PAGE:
Most of the antique porcelain marks or pottery marks that the beginning collector will encounter on ancient Chinese ceramics are originating in the Ming or Qing dynasty, or are from the republic period. Few of us will ever be able to lay hands on marked porcelain of the Song or even the Yuan dynasty. They are extremely rare.
|While European porcelain manufacturers usually applied a factory mark very early on, antique marks on ceramics from China rarely show which kiln actually made an item. The manufacturer's name was virtually never mentioned before the late 19th century - there were almost no maker's marks in existence in ancient China. |
See Antique China Marks - a comparison.
Yes, there do exist antiques with so-called shop or factory marks, but they represent only a very small fraction of all the Chinese marks known. Only items specifically made to order for local clients or overseas Chinese communities in Southeast Asia seem to frequently show shop or manufacturer's marks.
One of the most common antique porcelain marks found on ceramics throughout the ages is the reign or period mark (Jinian Mark).
Some Chinese antiques' porcelain marks or pottery marks contain dates of the Chinese 60 year cyclic calendar, but these are actually quite rare. Cyclic calendar dates started to appear mainly on Qianjiang-style dated porcelain in the second half of the 19th century. But these are not marks proper, but rather part of the signatures of porcelain artists.
Antique porcelain marks more often than not show the emperor's reign title (period name). During the Kangxi reign pictorial marks were popular, symbol marks and double circles were especially frequent. These had already existed earlier, but only in a limited manner. Otherwise, the majority of antique porcelain marks consisted of hand-written characters.
Kaishu character mark
Zhuanshu seal-type mark
Zhuanshu marks (seal-type marks written with Zhuanti characters) were usually written or painted one by one manually during the Qianlong, Jiaqing and Daoguang reigns. Only in the later Qing dynasty (19th century)
stamped seal marks started to appear more frequently.
The imperial marks used during the Qianlong reign, for example, were written by hand with archaic characters (Zhuanti or Zhuanshu) in the square shape of a seal, usually with or without a hand-painted frame depicting the square seal edge.
This is exactly the same way seal characters are/were written before carving or engraving the characters in a seal today.
Needless to say that the ancient characters used in such seal type
porcelain marks are not the normal characters used in everyday writing
of the Chinese language.
This ancient character type is called Zhuanti (or Zhuanshu) and was and still is mainly used with seals (even today) and is more difficult to read, even for a Chinese person. It takes some practice to recognize this type of characters in porcelain marks. So don't be surprised if not every Chinese person is able to read such characters.
Later, in the 20th century this mark came into use for apocryphal Qing dynasty marks on copies and imitations of earlier porcelain. These 20th century marks are using a slightly different writing style, however, and are generally easily recognizable as apocryphal marks.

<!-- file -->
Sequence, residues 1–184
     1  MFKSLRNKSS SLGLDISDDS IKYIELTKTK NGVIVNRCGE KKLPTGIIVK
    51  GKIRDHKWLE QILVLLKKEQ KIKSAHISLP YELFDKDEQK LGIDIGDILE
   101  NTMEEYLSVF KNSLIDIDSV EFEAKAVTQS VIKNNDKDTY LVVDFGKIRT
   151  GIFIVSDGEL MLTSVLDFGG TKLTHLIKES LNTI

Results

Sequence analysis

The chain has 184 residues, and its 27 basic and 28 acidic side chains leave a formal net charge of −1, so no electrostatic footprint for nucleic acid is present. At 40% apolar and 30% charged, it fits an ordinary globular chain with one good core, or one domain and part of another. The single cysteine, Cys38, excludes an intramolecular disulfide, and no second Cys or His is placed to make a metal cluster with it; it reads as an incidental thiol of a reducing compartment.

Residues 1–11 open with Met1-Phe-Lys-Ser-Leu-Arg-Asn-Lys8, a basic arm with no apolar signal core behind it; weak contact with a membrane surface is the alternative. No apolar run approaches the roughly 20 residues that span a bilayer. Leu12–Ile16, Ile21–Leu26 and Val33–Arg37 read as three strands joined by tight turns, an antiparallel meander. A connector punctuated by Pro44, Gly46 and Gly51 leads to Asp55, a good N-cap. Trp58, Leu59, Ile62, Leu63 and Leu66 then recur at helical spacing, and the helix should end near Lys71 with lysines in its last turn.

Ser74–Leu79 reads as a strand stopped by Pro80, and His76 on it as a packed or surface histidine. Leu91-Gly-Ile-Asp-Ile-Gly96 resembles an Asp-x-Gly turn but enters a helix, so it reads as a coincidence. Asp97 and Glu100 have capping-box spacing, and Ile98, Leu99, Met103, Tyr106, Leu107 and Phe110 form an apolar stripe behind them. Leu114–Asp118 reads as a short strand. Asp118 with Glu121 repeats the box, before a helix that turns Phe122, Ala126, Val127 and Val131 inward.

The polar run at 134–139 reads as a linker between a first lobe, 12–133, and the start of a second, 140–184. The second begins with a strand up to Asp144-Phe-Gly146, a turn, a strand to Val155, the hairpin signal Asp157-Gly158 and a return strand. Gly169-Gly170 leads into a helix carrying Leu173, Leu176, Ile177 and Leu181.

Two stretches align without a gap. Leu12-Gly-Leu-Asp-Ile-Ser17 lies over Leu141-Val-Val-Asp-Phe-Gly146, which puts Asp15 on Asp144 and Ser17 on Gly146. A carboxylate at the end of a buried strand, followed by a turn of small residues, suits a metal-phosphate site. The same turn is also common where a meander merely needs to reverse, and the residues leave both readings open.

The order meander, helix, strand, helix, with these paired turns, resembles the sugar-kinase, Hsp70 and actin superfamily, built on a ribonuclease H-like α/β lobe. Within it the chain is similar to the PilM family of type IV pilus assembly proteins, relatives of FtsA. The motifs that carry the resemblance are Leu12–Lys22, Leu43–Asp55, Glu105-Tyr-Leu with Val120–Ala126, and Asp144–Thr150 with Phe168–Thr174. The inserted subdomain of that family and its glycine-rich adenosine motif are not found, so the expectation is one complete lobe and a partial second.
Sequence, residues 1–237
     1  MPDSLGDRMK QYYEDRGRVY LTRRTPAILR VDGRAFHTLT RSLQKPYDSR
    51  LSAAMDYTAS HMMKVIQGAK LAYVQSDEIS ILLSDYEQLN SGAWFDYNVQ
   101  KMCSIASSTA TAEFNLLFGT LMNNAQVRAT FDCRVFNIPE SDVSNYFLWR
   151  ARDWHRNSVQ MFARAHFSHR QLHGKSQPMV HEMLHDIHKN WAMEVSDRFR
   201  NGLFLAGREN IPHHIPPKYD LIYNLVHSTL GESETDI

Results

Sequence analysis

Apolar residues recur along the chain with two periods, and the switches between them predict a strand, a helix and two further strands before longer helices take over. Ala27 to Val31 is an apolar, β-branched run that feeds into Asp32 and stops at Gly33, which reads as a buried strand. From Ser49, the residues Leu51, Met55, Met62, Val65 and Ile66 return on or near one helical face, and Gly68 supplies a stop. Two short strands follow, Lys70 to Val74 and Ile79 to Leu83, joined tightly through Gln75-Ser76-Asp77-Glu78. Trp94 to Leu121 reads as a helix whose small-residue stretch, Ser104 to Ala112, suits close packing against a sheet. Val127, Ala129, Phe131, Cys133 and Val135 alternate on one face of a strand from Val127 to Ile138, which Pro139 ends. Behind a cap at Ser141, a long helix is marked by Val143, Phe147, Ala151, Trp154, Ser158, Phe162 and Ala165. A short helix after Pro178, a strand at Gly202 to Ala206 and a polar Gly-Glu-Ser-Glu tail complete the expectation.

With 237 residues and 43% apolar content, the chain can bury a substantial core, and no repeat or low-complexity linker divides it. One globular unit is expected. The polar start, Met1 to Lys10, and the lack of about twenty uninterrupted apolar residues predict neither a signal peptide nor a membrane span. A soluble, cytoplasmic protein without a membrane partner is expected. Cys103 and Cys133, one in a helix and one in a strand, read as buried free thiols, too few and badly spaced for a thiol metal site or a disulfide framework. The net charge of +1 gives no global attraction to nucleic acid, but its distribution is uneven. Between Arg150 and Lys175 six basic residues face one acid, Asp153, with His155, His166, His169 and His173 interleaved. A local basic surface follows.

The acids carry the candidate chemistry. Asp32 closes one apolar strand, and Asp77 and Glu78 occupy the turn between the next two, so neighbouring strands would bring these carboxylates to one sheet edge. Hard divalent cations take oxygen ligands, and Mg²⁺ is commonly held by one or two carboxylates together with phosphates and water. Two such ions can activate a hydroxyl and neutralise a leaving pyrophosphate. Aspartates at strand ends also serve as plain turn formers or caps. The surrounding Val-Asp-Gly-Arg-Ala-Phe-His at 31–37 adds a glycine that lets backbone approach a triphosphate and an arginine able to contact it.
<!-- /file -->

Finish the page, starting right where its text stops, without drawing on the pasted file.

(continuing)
Official (imperial) kiln:
Basically, the number of types of antique marks used for ceramics manufactured in the official kilns during each reign period is limited. These kilns operated under the supervision of court officials and everything, including the decoration, was strictly regulated.
The usage of marks on these was also restricted by the court, and this in turn did not allow for the multitude of marks used by private kilns (Minyao).
Antique porcelain marks or potter's marks containing the artisan's name
were very rare on ceramics made by private kilns until the 19th century.
On imperial porcelain such marks were virtually non-existent.
Tang Ying was the official assigned by the palace as kiln overseer. He is credited with an excellent contribution to the ceramics manufactured at the imperial kiln during his time. He sometimes applied a mark representing him. About a dozen of his marks are known.
Generally said, individual potter's marks were otherwise non-existent on imperial porcelain or pottery.
|During the Yongzheng reign imperial marks used mostly marks with Kaiti characters (Kaishu), many of these are placed in a double circle.|
Qianlong imperial marks on the other hand used mostly Zhuanti chracters (Zhuanshu) in underglaze blue.
During the early years of the Kangxi reign no marks were used on imperial wares. However, private kilns (minyao) did use reign marks. This practice was however prohibited later (in 1677) by an edict of the governing official of Fuliang the area, where Jingdezhen is located. |
In 1680 (19th year of Kangxi) Jingdezhen fired porcelain for the Qing court for the first time, thus becoming the site of the Qing imperial kiln.
Continuing the legacy of the Ming period, most Kangxi wares
used Kaiti (Kaishu) marks. The antique porcelain marks remaining show
that only about 5% of all marks were written in Zhuanti characters
during that reign.
Notable is that some imperial marks do not contain the reign name, but rather the name of an inner palace within the area of the imperial palace - the abode of the emperor or empress. See exceptional reign marks.